So Don Lucky was asking me offline about something to do with Prestige, and I suggested he contact Rufolf, and Rudolf replied with this fascinating tale of how he ended up at the Prestige warehouse, and Don Lucky and I said Rudolf you have to write this up for the rest of the Jazz Collector audience, and Rudolf said sure, and here it is. Enjoy.
Treasure Hunt — Prestige
How a Courtesy Call Turned Out to be the Discovery of the Cave of Ali Baba
By Rudolf Flinterman
In the ‘50s/early ’60s a simple catalog of say Prestige, Blue Note or Contemporary could be of invaluable worth. Without, one simply could not know what was in the market. There were no discographies like Jepsen and Ruppli and no Internet, of course. At the time I would regularly write to Prestige, Pacific Jazz, Blue Note, Atlantic and Contemporary requesting to send me a catalog, which they all did. Lester Koenig always wrote a kind letter. Nesuhi Ertegun of Atlantic was so kind to send me copies of deleted items, for free!
In 1959 Prestige sent me an offer to become a free member of their Jazz & Folk Record Club in Teaneck, N.J. The formula was simple: Pay for two, receive three. Especially for New Jazz, with a list price of $3.98, that was an interesting proposition. I still have the box of the first shipment from Prestige. For three records I paid 2-X-$3.98 plus 89 cents postage, i.e. $2.95 per album, which was the equivalent of 10,75 Dutch florins. At the time the list price in Holland was 18 Dutch florins. No wonder that I became a frequent buyer at Prestige throughout the ‘60s, despite the fact that the sea transport and customs took more than two months.
In 1969 I made my first trip to the U.S. We stayed for one week in Manhattan. I travelled with the then-Mrs.-Rudolf. The first day we made a boat trip with the Circle Line to have a general idea of the city. I then proposed to her to make a courtesy call to a certain Mr. Bob Weinstock – “who would be most happy to make our acquaintance,” I assured. She could hardly object to this great idea. So the next day she found herself in the bus at the Port Authority to go to Bergenfield, N.J.
After a trip, which took an hour at least, and a long stroll on Washington Avenue, we arrived at Prestige headquarters. There we met with Bob Weinstock, the founder and owner of Prestige Inc., and his sister Marcia. Our visit, all the way from Holland, Europe, was very much appreciated. Marcia proposed that I also meet with Mr. Al Johnson, the company’s handyman and photographer (he made pictures during the recording sessions at Rudy Van Gelder’s, some of which were actually used for album sleeves). Al was also responsible for the warehouse.
Al took good care of me. He showed me around the building and also let me have a look in the warehouse – which contained literally thousands and thousands of returned records from retailers in the Greater New York area. Al was busy making punch holes in the sleeves and thereafter the albums would be destroyed. The records were stacked without any system. Al invited me to browse and put aside any records that would be of interest to me. Al got as enthusiastic as I was and I asked him to look for everything from catalog number 7001 to 7300. And he found many more than I did because he remembered where he had seen the rarest items.
The pile grew bigger and bigger. In the office, Marcia and my wife wondered what I was doing. They found out soon and then the problem was to get the records out of the building without Bob Weinstock knowing. As a matter of fact, with Al I had made the deal that I would pay him 50 cents per album. Since Al had his own interest, he loaded them in his car and proposed to bring us back to the hotel in Manhattan.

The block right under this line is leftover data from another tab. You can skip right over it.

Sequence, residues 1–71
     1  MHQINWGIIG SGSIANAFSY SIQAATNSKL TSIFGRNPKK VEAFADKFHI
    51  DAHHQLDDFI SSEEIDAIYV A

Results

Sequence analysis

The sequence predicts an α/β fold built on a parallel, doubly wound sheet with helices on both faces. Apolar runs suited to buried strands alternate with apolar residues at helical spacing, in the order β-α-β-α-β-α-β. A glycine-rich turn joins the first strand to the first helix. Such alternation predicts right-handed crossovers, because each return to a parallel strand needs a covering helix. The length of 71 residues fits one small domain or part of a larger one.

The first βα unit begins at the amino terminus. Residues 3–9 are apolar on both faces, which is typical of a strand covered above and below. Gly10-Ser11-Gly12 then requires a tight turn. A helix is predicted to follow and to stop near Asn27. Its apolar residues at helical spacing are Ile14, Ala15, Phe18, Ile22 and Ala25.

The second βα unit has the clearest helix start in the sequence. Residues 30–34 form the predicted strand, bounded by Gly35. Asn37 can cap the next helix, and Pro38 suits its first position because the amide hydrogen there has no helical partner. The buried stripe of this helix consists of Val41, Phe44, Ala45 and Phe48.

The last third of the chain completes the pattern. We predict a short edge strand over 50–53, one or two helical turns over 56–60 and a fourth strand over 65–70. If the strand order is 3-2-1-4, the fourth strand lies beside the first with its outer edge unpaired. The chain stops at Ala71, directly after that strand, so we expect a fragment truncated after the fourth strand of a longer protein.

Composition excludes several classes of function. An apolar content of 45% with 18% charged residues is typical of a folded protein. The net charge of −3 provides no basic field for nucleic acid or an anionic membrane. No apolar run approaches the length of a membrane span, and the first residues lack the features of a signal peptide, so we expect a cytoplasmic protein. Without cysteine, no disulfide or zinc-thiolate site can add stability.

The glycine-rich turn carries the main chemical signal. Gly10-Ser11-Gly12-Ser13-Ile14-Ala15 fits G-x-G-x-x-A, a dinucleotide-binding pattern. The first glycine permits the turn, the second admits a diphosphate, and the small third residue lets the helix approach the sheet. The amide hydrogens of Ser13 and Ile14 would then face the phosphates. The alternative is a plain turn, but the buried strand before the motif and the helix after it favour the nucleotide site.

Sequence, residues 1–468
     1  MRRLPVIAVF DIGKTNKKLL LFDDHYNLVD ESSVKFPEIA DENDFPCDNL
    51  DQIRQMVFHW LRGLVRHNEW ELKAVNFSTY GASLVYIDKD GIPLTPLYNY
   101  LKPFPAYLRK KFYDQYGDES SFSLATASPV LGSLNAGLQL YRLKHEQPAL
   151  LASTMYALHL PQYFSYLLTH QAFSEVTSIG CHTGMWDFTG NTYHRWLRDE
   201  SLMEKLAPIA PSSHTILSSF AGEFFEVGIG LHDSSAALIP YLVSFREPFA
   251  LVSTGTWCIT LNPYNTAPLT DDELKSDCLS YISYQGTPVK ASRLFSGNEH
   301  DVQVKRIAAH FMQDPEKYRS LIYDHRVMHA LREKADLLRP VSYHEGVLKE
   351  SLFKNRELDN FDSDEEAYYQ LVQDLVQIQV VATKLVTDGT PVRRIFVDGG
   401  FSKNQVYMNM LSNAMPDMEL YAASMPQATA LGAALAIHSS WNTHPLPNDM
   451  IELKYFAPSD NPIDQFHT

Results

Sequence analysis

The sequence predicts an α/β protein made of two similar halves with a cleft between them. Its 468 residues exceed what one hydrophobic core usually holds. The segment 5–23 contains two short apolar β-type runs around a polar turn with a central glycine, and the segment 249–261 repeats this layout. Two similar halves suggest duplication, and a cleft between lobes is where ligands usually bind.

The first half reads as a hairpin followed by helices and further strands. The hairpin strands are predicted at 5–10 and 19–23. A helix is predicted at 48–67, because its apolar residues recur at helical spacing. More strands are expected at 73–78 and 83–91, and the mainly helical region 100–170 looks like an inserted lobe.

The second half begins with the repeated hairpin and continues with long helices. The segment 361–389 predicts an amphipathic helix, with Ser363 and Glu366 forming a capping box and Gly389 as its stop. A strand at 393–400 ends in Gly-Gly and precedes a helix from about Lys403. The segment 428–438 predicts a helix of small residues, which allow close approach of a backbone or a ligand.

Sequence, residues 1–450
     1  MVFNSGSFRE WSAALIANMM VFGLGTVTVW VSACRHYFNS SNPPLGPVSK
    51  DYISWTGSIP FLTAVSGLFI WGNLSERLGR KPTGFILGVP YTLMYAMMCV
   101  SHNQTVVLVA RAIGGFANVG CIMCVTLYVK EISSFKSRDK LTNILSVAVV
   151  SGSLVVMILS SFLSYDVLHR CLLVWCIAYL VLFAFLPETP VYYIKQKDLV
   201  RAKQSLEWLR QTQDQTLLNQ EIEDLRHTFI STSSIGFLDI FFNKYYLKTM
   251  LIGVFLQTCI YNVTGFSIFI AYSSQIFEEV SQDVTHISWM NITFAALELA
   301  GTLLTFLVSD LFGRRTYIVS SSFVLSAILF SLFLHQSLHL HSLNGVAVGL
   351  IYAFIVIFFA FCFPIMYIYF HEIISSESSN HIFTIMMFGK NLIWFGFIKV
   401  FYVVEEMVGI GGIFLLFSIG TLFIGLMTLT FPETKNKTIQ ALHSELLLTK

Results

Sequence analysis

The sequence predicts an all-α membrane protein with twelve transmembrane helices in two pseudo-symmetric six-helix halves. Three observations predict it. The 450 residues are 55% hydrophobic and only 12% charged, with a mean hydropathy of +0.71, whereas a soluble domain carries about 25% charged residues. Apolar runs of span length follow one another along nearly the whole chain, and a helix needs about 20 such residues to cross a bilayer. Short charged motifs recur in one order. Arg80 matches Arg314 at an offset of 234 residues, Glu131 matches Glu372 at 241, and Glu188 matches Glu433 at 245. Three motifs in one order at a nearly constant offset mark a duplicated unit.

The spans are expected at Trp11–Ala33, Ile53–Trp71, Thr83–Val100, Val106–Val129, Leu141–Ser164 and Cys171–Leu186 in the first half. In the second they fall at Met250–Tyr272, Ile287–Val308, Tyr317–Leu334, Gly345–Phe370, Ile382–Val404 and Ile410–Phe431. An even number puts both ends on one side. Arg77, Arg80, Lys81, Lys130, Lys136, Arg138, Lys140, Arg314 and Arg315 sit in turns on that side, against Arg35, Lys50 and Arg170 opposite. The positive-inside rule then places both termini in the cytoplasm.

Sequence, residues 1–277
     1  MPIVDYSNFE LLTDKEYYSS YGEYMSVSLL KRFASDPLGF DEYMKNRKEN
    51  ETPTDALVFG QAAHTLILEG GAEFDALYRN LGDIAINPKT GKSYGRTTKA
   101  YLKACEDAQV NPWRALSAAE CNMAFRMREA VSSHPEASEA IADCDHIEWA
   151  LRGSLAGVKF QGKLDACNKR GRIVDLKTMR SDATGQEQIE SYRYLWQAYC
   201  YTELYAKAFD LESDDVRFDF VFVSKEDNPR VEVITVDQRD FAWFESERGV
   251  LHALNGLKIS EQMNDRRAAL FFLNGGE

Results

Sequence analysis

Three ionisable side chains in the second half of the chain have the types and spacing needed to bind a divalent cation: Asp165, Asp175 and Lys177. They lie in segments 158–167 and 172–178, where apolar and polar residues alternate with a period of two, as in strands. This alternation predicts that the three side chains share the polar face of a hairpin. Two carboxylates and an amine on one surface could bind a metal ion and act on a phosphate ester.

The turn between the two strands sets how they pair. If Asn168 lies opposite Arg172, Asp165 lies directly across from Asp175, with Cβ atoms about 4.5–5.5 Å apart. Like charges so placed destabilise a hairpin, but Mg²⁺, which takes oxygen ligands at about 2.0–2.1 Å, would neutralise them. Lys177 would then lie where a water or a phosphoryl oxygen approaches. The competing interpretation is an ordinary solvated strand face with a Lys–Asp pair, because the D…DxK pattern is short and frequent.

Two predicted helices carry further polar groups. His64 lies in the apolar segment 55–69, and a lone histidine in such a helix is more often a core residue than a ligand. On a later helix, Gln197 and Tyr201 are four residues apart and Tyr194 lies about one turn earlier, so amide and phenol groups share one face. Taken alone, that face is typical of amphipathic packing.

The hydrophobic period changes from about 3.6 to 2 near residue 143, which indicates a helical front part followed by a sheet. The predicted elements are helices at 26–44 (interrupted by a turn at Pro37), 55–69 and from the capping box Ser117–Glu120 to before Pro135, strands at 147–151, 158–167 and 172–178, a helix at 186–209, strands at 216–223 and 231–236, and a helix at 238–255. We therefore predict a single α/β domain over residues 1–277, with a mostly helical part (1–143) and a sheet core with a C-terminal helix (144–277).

That night I did not sleep well. In my head, all I saw were the albums I had not taken and wondered what could be found in the sections we had not checked. My decision was taken: The next day I had to go back to Bergenfield.
But how to sell this to my wife? If I remember well, I proposed we split up. She to go to Bloomingdales, me to Brooks Brothers. Thereafter we would meet at the bar of the hotel. I think she spent the whole afternoon at the bar waiting for me. Again, the catch was terrific. Al had loaded them in his car and would take them to his house. He would then invite us to his house for a drink and “to get to know his wife and kids.”
So it was agreed. A few days prior to our departure I called him “so say goodbye.” I then told my wife that Al insisted to have us at his place in Teaneck before our departure. It would be rude not to accept. So there we went, I for a third trip to New Jersey, she for a second.
I had bought many hundreds of Prestige albums, which, in the end, I could not transport in my luggage. (I don’t mention the many Riversides and Blue Notes bought in town for prices ranging from 79 cents to $1.49). Also, I did not have enough cash to pay for all my purchases. So I took and paid for what I could transport. Upon my return to The Netherlands I made a bank transfer for the rest and Al shipped everything in lots of 50 per package. He included as a surprise gift some items he had found later – I remember a non-laminated kakubushi frame covered issue of The Musings of Miles, Prestige 7007, and some other nice stuff, all unpunched!
Among my purchases were many doubles, which, in later years I used as trade material. But I cherish the many punch-holed early Prestige albums still in my collection and don’t mind the punch holes at all. I continued to correspond with Al and his wife for a couple of years, until Prestige was sold to Fantasy. In 1976 I spent a winter in Princeton, New Jersey, but even then did not bother to go back to Bergenfield.
That’s how things go, but the memory is still there.